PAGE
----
Preface: All believers will be the victims of injustice. In fact, the same is true of unbelievers. We live in the devil’s world; so injustice is a natural occurrence.
1. Our Lord gave us the principles in the Sermon on the mount: Matt. 5:38–48: You have heard that it was said, "An eye for an eye, and a tooth for a tooth." But I say to you, Do not resist evil. But whoever shall strike you on your right cheek, turn the other to him also. And to him desiring to sue you, and to take away your tunic, let him have your coat also. And whoever shall compel you to go a mile, go with him two. Give to him who asks of you, and you shall not turn away from him who would borrow from you. You have heard that it was said, "You shall love your neighbor and hate your enemy." But I say to you, Love your enemies, bless those who curse you, do good to those who hate you, and pray for those who despitefully use you and persecute you, so that you may become sons of your Father in Heaven. For He makes His sun to rise on the evil and on the good, and sends rain on the just and on the unjust. For if you love those who love you, what reward do you have? Do not even the tax-collectors do the same? And if you greet your brothers only, what do you do more than others? Do not even the tax-collectors do so? Therefore be perfect, even as your Father in Heaven is perfect. Jesus Christ was making several points in this sermon, which we will cover below:
a. First of all, the Law had been distorted by the pharisees apparently to allow vigilantism. I don’t know how often people act as vigilantes and quote this verse and kill off their enemies. My exposure to this is primarily from old westerns where some self righteous guy quotes “An eye for an eye, a tooth for a tooth”: before killing someone. In any case, we are not called upon to right the wrongs committed against us.
b. In our litigious society, some people look for ways to steal money from you legally. These are people who might be honest in many other ways, but if there is a legal way to put your money into their pocket, they will do it. Our society has been brainwashed to think that, if one suffers an accident, then someone else should pay for that accident, and more, even if that someone is only remotely connected to their accident. For a lawyer, this is his primary job—are you someone he can sue and do you have the assets to pay if sued. Rarely will a lawyer sue someone if there is no payday for him. However, Jesus tells us, if someone sues you, then give them more than what they are suing you for. Do not make an issue out of money.
c. When someone asks you to borrow something, then you lend it to them. Again, do not make an issue out of money or things. Obviously, this must be tempered by other Scriptures. For instance, the man who does not provide for his own is worse than an infidel; therefore, if you and your family is barely squeaking by, then don’t lend money that you cannot afford to lend. The same principle applies to giving. All believers should give from their blessings (of they may find themselves without some monetary blessings). However, you should not give to the point where it affects your family negatively.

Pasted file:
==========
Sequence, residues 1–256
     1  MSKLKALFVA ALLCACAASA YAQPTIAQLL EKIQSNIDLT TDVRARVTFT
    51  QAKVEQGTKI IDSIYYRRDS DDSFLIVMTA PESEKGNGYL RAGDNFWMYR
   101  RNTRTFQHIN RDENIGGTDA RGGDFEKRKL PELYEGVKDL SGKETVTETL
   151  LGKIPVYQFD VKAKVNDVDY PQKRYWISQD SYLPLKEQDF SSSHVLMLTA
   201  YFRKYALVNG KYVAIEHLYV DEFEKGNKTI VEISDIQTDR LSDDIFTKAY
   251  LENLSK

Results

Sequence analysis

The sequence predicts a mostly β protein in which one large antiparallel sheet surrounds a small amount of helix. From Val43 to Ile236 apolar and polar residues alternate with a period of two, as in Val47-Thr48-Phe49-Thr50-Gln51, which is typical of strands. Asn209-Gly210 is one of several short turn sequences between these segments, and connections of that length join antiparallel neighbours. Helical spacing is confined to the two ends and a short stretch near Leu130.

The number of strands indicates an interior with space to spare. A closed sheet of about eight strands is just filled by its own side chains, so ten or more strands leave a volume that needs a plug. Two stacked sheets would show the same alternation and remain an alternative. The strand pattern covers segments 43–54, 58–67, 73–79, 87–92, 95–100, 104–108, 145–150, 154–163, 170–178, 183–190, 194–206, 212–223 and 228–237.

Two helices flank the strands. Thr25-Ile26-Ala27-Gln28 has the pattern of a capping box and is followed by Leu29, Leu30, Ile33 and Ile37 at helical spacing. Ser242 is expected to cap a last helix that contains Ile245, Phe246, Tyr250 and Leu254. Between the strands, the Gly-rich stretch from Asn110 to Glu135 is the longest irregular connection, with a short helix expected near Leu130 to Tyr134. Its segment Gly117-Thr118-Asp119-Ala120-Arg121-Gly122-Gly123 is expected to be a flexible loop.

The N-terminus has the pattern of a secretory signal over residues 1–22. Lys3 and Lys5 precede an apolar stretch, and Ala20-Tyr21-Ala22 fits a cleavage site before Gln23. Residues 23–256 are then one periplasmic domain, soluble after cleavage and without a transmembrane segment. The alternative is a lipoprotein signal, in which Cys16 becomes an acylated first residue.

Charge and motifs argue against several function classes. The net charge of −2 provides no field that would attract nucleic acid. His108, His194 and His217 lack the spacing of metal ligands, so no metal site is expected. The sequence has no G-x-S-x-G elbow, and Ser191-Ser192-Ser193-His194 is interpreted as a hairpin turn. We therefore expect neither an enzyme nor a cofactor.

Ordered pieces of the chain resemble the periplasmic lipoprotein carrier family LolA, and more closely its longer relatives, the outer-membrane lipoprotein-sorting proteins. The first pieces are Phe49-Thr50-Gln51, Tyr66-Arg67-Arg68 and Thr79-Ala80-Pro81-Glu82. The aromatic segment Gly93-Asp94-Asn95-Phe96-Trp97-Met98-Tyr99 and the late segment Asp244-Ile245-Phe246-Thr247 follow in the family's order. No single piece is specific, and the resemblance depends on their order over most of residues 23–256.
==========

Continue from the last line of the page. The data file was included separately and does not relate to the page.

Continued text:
d. Nowhere in the Bible does it say “Love your neighbor and hate your enemy.” This was a quotation which apparently was popular at that time. The Bible does tell us to Love your neighbor (Lev. 19:18). That does not make the inverse of that statement true (i.e., hate your enemy). Recall then, there was a great deal of animosity between the Jews and the Romans—and this was not always the fault of the Romans. You are to treat your enemies with respect, deference, and, yes, even love. As Jesus explains, anyone can love their friends. The lowest of the low love their friends. A believer should be able to function on a higher plane, so to speak.
2. The first example of injustice is Joseph.
a. At the end of Gen. 37, Joseph’s jealous brothers threw him into a pit and sold him into slavery to the Midianites (who were, in turn, going to sell him to the Ishmaelites, who in turn took him to Egypt).
b. Now, had this great injustice happened to us, we might be looking for some butt to kick. Not Joseph. In Egypt, he prospered, and he went from being a royal slave to the man in charge of an Egyptian officer’s home and possessions. Joseph, instead of looking to escape at his first opportunity, moved to a position where he ran the household and signed the checks. God prospered him.
c. So, God tested Joseph further. Joseph faced the wife of Potipher (his Egyptian master), who tried to seduce him; and when Joseph was not seduced, she accused him of attempted rape. Potipher put Joseph in jail.
d. Eventually, God removed Joseph from jail and promoted him to the second highest position in Egypt. This even placed him above his former master. Joseph used this position to deliver the people of Egypt and to deliver his own family from famine (including the brothers who betrayed him).